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lucky_you_0412
07-04-2007, 02:23 AM
I've been reading some of the posts on here about who's more important when it comes to reenactments. Of course, the men on here will tell you that of course the military is more important. They are the ones who "put on the show", referring to the battle and that's what the people come to see. That it's the soldiers that fought the war, and just because they carry a musket, they should recieve all the attention or the glory. But what about the ladies and civilians of the era? Are some so narrow minded that they believe that women and children alike were not affected by this conflict?

I reenact because there is a story to be told, other than just the blue and the gray shooting at each other. When you attend a reenactment and the tourists come to see the events, is it only men who attend? No, it's not. There are many young women and girls who attend these events, and they show much interest in how the women of the era lived and dressed.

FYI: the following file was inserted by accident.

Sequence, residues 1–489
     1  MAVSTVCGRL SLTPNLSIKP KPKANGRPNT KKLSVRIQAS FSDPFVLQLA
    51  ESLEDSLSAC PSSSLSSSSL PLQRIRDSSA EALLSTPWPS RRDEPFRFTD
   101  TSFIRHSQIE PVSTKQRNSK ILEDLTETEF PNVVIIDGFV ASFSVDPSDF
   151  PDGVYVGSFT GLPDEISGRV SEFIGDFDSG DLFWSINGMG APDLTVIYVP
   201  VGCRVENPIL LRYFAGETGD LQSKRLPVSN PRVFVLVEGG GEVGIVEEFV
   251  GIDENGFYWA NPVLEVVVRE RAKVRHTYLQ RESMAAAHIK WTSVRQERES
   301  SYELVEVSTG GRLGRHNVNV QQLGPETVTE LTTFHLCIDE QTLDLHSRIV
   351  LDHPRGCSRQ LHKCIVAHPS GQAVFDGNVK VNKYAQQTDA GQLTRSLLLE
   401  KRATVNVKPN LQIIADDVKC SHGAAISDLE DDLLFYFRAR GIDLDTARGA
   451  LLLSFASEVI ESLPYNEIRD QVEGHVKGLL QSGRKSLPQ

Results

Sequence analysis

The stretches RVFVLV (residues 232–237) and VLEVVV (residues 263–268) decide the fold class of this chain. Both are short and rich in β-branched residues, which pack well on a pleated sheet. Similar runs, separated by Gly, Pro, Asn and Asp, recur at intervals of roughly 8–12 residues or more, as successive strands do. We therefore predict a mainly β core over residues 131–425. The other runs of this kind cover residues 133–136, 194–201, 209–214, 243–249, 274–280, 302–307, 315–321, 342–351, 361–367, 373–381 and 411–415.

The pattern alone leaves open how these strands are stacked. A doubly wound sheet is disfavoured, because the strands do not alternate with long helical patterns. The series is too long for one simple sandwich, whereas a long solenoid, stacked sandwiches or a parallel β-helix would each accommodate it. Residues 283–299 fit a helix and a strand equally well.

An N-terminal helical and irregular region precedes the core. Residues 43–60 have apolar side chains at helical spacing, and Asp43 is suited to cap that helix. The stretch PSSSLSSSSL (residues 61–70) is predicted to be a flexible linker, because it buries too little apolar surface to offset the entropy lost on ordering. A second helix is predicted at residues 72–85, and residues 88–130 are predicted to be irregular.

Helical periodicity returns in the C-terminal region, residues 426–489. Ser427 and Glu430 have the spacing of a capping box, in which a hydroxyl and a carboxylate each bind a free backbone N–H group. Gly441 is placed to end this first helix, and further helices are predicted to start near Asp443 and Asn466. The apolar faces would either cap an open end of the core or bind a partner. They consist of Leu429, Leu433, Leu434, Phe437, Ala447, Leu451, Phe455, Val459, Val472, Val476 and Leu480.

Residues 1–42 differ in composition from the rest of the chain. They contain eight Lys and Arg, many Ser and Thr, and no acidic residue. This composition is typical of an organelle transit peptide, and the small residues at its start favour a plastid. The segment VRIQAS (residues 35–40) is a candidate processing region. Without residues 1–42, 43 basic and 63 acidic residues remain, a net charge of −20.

My question is, why should reenactments only be limited to the men, or the battle, or the boys in the wool?

hanktrent
07-04-2007, 06:17 AM
Well, there are reenactments put on by civilians, for civilians, where the military has a minor role or isn't needed at all. There's also a whole civilian-focussed living history world, from farb to hardcore, outside of the Civil War reenacting community, at historic villages, old time craft demonstrations, "founders day" celebrations, and so forth.

But speaking of civilian events that generally target the Civil War reenacting community... Ironically, they generally have fewer civilians in attendance than at battle reenactments. To a certain point, that's a good thing, because they generally require more infrastructure per person than military reenactments.

But you tell me, why do so many civilians prefer to attend battle reenactments put on by military reenactors, rather than attend or put on reenactments about civilian life?

Hank Trent
hanktrent@voyager.net

tompritchett
07-04-2007, 12:27 PM
But you tell me, why do so many civilians prefer to attend battle reenactments put on by military reenactors, rather than attend or put on reenactments about civilian life?